Boris Johnson faces a grilling from MPs over unanswered questions about how he funded the luxury refurbishment of his private flat in No.10.
Trade secretary Liz Truss was sent out to face broadcasters on Sunday and was unable to deny that her boss had been given a loan for the work by Tory donors.
Labour is urging the Speaker to summon the prime minister to parliament on Monday for an urgent question addressing the cronyism scandal engulfing Downing Street.
In excruciating Sunday morning interviews the cabinet minister Ms Truss kept repeating carefully-worded lines that the prime minister had “met the cost of the flat refurbishment” and had not broken the rules.
But she repeatedly deflected questions about whether the PM had been given a loan from political donors, and when he had paid. She also refused to say when details about what money had changed hands would be released.
The furore was sparked after Mr Johnson’s own former chief of staff Dominic Cummings alleged that the prime minister had sought donors to fund the lavish overhaul – describing the plan as “unethical, foolish and possibly illegal”.
“I have been assured that the rules have been fully complied with and I know that he has met the costs of the flat refurbishment,” she told Sky News.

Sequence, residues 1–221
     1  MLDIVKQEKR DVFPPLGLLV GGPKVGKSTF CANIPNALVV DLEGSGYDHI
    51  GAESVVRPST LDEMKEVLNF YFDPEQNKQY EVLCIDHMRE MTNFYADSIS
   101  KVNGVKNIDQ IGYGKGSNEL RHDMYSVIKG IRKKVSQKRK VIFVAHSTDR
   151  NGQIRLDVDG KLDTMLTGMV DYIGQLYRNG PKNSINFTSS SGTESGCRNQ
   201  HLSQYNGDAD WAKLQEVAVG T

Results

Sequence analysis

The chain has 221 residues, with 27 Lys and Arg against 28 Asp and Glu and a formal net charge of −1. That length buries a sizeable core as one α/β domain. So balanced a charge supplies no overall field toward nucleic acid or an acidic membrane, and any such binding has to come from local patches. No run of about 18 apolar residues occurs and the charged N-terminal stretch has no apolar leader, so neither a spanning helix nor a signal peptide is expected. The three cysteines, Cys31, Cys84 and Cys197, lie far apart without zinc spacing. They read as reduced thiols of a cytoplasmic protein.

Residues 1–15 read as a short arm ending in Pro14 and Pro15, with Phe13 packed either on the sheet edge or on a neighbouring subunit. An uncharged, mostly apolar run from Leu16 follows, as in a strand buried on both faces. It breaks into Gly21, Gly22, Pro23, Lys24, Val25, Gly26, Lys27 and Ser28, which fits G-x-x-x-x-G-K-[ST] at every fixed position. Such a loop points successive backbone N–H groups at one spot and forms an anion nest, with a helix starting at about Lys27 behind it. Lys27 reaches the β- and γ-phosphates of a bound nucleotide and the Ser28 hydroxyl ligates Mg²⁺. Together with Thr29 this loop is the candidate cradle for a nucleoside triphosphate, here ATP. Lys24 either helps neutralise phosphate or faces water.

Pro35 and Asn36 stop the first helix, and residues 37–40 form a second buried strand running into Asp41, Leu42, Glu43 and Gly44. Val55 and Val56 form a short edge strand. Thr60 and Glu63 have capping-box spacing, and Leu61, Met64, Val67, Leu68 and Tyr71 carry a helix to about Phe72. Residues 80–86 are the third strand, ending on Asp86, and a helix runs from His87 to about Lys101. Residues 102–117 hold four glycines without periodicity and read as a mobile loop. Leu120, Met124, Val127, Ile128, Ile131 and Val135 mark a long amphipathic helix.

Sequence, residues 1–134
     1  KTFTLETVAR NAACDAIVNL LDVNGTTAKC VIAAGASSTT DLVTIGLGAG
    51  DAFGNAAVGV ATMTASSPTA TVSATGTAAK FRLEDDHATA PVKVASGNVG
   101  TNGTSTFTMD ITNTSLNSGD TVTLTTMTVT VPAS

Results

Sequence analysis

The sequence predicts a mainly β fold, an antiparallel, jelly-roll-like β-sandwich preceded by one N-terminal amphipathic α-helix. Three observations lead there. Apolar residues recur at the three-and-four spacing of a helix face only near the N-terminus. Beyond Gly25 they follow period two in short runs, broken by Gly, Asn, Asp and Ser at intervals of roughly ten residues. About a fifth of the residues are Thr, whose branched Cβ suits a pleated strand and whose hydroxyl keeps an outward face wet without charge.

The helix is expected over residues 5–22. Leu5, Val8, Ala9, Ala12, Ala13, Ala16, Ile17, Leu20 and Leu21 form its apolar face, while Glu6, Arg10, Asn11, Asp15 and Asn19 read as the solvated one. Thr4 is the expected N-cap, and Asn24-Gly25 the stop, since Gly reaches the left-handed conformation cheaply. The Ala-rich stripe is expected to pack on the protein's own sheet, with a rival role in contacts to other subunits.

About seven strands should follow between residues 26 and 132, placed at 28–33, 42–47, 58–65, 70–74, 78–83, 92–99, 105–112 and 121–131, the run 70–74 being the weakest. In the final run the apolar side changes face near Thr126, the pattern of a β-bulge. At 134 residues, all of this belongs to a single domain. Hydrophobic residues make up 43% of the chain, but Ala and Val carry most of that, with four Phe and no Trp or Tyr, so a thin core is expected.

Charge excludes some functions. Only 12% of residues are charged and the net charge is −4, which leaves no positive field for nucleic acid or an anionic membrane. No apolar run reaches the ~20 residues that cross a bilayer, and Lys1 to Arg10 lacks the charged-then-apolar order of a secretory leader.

“I absolutely believe and trust that the Prime Minister has done that.”
Asked specifically whether the prime minister had been given a loan for the project, she added:
“What people want to know is that in line with the rules the Prime Minister has met the cost of this refurbishment. That has happened. All the costs will be declared in line with the rules. That, as far as I am concerned, completely answers that question.”
The same run-around performance was repeated on the BBC’s Andrew Marr Show, with Ms Truss sticking to the same very tightly-worded answer.
Speaking on Sunday morning Labour’s Jess Phillips called for a “root and branch” independent inquiry into the use of taxpayers’ money under Boris Johnson’s government.
Confirming that the party would be seeking an urgent question in parliament on the issue, she said that “integrity really, really matters”.
“The truth of the matter is we don’t know the truth and we’ve got scrapping between two very powerful men who seem more interested in who’s lying about what and who’s leaking what than the substantive of the issue,” the shadow minister to Sky News.
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“That is whether contracts get given out by text messages, whether tax breaks get given out by text messages or whether the Prime Minister uses his pals to get money to have his flat done up.
“Whether I back Dominic Cummings’ view or Boris Johnson’s view, what we need is a proper independent inquiry where it isn’t about two boys fighting and is about taxpayers in our country.”